pdf Download PDF

The Torments of Spring:
Jake Barnes’s Phantom Limb in The Sun Also Rises
Abstract

While critics recently have found The Sun Also Rises a fruitful text for reexamining issues of gender and sexuality in Hemingway’s work, a significant aspect of Jake Barnes’s genital wounding has been overlooked. At least from the time of the American Civil War, a diverse body of medical literature has documented the psychosomatic reality of phantom genitalia in traumatically injured men. Revisiting the novel from this perspective—imagining that Jake Barnes is haunted by a penile ghost—allows us to see this character as something more than a victim of disability. Instead, we might think of Jake’s material self as figuratively masculine but accidentally transgendered: a body that others can desire and that still can choose, or not, to reciprocate sexual feeling.

Here I must admonish the young Chirurgion that hee be not deceived concerning the losse or privation of the sense of the part for I know very many deceived as thus; the patients pricked on that part would say they felt much paine there. But that feeling is oft deceiptful, as that which proceeds rather from the strong apprehension of great paine which formerly reigned in the part, than from any facultie of feeling as yet remaining. A most clear and manifest argument of this false and deceiptful sense appears after the amputation of the member; for a long while after they will complaine of the part which is cut away. … But seeing the case stands so that the Patients imagine they have their members yet entire … we must indeavour to give remedy to this symptom.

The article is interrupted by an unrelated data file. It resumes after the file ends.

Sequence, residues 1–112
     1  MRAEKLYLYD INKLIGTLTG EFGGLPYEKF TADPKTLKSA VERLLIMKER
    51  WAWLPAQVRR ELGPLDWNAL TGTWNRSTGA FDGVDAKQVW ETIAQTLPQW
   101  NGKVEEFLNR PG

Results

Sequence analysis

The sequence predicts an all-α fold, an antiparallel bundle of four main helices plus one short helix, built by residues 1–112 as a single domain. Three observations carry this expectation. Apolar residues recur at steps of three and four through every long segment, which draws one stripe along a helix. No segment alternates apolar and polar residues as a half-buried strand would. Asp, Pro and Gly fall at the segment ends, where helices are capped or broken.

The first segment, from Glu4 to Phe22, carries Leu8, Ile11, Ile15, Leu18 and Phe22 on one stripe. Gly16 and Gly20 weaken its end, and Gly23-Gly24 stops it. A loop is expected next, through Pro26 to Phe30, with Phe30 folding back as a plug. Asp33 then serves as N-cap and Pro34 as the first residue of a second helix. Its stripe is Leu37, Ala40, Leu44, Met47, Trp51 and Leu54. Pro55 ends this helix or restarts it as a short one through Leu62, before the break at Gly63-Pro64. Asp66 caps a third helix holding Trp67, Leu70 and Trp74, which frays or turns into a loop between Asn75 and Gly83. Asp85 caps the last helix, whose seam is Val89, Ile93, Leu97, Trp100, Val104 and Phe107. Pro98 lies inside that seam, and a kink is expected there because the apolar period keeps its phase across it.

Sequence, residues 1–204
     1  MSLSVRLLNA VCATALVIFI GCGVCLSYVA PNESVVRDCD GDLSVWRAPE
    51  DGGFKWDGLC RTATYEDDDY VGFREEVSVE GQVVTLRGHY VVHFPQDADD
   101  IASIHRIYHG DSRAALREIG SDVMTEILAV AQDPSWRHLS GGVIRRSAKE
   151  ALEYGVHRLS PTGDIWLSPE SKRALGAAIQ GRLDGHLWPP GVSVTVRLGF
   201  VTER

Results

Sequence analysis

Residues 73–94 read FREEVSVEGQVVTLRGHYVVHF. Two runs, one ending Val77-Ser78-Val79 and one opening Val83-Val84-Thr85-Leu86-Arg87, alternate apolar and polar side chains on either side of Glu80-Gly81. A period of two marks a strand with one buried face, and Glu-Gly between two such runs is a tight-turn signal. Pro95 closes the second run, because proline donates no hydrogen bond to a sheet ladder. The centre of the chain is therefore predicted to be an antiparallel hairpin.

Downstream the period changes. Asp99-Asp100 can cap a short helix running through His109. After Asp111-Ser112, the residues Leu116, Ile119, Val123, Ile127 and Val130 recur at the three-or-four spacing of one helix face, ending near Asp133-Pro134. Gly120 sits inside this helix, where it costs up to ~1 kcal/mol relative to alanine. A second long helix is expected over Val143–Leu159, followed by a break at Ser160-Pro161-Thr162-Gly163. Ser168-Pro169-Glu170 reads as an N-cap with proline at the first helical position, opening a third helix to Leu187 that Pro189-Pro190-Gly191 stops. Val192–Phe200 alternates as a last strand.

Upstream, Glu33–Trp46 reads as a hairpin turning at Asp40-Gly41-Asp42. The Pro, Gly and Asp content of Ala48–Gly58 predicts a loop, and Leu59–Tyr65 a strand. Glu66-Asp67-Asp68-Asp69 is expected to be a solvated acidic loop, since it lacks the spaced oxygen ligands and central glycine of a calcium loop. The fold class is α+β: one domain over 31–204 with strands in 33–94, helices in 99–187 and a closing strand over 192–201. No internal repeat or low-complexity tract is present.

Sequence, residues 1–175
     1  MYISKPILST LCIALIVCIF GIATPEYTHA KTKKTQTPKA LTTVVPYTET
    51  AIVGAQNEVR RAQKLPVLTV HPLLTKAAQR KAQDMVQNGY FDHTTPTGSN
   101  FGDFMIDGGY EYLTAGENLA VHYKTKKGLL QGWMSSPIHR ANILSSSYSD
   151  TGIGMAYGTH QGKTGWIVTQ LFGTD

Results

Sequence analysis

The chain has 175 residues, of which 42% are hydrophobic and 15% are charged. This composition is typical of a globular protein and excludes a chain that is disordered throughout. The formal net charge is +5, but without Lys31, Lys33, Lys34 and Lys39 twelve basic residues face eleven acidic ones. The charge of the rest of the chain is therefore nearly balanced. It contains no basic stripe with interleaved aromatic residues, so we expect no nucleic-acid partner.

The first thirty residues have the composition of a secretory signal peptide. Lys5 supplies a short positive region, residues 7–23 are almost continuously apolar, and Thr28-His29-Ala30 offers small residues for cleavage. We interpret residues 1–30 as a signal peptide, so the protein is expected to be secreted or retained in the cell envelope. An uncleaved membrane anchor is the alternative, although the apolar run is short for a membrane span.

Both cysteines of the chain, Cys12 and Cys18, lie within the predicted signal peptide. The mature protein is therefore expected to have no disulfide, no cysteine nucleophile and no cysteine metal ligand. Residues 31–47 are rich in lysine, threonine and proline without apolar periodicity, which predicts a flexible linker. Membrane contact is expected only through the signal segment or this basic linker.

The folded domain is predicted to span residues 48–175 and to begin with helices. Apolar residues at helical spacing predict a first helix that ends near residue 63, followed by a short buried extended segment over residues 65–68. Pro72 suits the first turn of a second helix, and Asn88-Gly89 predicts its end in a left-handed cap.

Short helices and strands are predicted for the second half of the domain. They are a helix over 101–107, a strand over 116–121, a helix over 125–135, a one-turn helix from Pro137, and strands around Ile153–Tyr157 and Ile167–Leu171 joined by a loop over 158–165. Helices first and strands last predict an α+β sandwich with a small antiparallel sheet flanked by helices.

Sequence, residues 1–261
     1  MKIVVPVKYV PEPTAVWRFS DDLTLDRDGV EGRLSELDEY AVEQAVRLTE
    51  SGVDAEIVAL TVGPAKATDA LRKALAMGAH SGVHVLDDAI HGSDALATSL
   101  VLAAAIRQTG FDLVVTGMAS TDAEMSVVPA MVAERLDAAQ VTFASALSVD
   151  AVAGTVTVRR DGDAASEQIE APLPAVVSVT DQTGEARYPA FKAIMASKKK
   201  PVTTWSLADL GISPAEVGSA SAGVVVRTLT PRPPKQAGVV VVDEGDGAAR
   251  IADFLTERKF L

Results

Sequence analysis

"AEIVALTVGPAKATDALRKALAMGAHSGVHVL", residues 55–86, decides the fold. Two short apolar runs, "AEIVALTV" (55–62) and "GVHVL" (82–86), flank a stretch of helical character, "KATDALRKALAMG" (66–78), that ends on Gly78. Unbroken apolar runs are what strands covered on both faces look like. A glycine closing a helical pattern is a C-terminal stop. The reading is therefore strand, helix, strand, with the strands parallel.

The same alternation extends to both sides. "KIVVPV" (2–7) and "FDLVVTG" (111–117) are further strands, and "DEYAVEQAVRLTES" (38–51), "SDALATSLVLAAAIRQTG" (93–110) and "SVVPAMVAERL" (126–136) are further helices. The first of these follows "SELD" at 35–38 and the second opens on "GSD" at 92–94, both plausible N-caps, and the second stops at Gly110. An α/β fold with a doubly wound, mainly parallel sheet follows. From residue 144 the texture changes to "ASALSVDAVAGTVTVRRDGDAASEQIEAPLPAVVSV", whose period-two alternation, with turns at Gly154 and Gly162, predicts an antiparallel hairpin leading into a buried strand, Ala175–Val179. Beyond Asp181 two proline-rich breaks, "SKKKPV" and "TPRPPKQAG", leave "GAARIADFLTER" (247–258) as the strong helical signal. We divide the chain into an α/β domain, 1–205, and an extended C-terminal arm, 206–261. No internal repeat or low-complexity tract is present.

—Ambroise Paré (1575)1

As every one knows, Paris is a very romantic place. Spring in Paris is a very happy and romantic time.

—Ernest Hemingway (c. 1926)2

In chapter seventeen of The Sun Also Rises, the expatriate journalist Jake Barnes receives three sharp blows to the head when his friend Robert Cohn erupts in a jealous rage at the Café Suizo, demanding to know the whereabouts of Brett Ashley, a woman who wants to be in love with Jake but has allowed herself to be seduced by Cohn. Cohn (a former boxing champion at Princeton) takes some swings at others who are present, but he targets Jake for the most severe punishment and knocks him out cold. When he comes to, Jake characteristically tries to brush off the injury and insists on walking back to his hotel alone. But the traumatic injury he has just suffered—almost certainly [End Page 52] a concussion—induces a lapse of memory. Pamplona now seems unfamiliar: “everything looked new and changed.”3 Jake’s mind drifts back in time to a night when he was coming home from an out-of-town football game, during which he had been kicked in the head. “I was carrying a suitcase with my football things in it,” he recalls, walking down a tree-lined street of his hometown; but then, too, a sense of unreality overcomes him: “everything seemed to come from a long way off, and I could hear my feet walking a great distance away. … It was like that crossing the square. It was like that going up the stairs in the hotel. Going up the stairs took a long time, and I had the feeling that I was carrying my suitcase” (196–97).